Pimping Your Noble Sister in Wartime Naples March 16, 2013Posted by Beachcombing in : Contemporary , trackback
Norman Lewis’ Naples ’44 is one of the great works of the Second World War. It describes the most dramatic of places, Naples, under the most dramatic of situations, German and then Allied occupation. Beach was so excited, by his recent playing around with this book, in that tale about Padre Pio the human anti-aircraft gun that he read many of those much loved pages again: Lewis, pictured above, was a great writer. Here is a passage that really stood out.
The sexual attitudes of Neapolitans never fail to produce new suprises. Today Prince A. now well known to us all and an enthusiastic informant from our first days at the Riviera di Chiaia, visited us with his sister, whom we met for the first time. The Prince is the absentee landlord of a vast estate somewhere in the South, and owns a nearby palace stacked with family portraits and Chinese antiques. He is the head of what is regarded as the second or third noble family of Southern Italy. The Prince is about thirty years of age, and his sister could be twenty-four. Both are remarkably alike in appearance: thin, with extremely pale skin and cold, patrician expressions bordering on severity. The purpose of the visit was to enquire if we could arrange for the sister to enter an amry brothel. We explained that there was no such institution in the British army. ‘A pity’, the Prince said. Both of them speak excellent English, learned from an English governess. ‘Ah well, Luisa, I suppose if it can’t be, it can’t be.’ They thanked us with polite calm, and departed.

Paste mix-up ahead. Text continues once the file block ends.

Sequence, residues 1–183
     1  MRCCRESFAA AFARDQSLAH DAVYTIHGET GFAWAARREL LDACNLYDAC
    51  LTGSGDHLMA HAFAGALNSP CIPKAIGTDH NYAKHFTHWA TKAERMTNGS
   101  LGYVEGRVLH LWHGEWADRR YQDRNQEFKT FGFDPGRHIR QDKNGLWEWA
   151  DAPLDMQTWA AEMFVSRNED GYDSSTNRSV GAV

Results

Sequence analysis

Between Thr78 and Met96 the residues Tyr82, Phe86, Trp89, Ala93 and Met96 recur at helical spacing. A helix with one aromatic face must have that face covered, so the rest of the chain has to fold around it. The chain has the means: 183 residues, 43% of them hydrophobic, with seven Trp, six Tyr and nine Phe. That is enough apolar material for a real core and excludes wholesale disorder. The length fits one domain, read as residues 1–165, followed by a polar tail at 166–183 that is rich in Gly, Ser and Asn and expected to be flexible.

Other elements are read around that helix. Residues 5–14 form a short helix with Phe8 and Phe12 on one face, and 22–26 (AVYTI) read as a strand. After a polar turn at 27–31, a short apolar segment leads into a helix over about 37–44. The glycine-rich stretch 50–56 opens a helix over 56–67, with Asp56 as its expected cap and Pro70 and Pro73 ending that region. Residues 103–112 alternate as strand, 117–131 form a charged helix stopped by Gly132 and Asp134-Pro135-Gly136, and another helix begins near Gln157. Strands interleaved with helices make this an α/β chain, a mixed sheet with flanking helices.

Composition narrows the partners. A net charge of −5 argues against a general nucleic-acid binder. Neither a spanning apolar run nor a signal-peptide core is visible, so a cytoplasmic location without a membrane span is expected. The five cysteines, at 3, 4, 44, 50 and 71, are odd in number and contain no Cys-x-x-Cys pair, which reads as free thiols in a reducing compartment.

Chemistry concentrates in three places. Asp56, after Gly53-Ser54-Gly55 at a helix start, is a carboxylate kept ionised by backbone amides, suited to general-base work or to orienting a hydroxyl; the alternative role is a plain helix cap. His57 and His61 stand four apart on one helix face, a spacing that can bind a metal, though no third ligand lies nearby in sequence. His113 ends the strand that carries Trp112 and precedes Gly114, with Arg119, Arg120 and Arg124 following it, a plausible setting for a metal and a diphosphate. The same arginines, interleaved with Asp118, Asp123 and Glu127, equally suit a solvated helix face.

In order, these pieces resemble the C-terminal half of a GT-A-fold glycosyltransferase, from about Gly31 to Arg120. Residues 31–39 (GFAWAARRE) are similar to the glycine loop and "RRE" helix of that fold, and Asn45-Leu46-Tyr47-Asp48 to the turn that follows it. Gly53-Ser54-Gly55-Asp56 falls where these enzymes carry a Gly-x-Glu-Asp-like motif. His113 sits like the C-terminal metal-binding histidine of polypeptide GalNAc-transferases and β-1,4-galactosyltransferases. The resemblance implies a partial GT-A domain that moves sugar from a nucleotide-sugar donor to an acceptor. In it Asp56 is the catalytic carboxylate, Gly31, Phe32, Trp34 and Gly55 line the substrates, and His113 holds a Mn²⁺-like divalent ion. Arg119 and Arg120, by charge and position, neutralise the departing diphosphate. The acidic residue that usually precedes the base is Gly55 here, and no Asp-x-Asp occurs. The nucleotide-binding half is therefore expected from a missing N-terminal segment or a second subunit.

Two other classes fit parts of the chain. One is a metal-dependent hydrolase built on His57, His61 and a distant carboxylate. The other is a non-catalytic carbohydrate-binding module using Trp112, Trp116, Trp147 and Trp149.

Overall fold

WtH! Did A perhaps find the American HQ more amenable? Or is it possible that Lewis just misunderstood? He spoke excellent Italian and usually proved a fine interpreter of Italy. He was also honest. However, perhaps Prince A was trying to marry off his sister? It is a mysterious passage to say the least. Any other interpretations: drbeachcombing AT yahoo DOT com Note for mudrakers. There are apparently about 4,000 noble families in Italy and about 6.5% of these are princes. That is over two hundred, but surely one of the top three families in the south would be easy to find. And in fact… There is a family that were princes and that were associated with Naples. They had a villa in the right part of the city. They had Chinese antiquities. Their family name includes an initial ‘a’. They also have very rich lawyers and why, in any case, rub salt in wounds that are probably still stinging from the war?
Beach is burning with fever today, lots of nightmares about witches and fairies.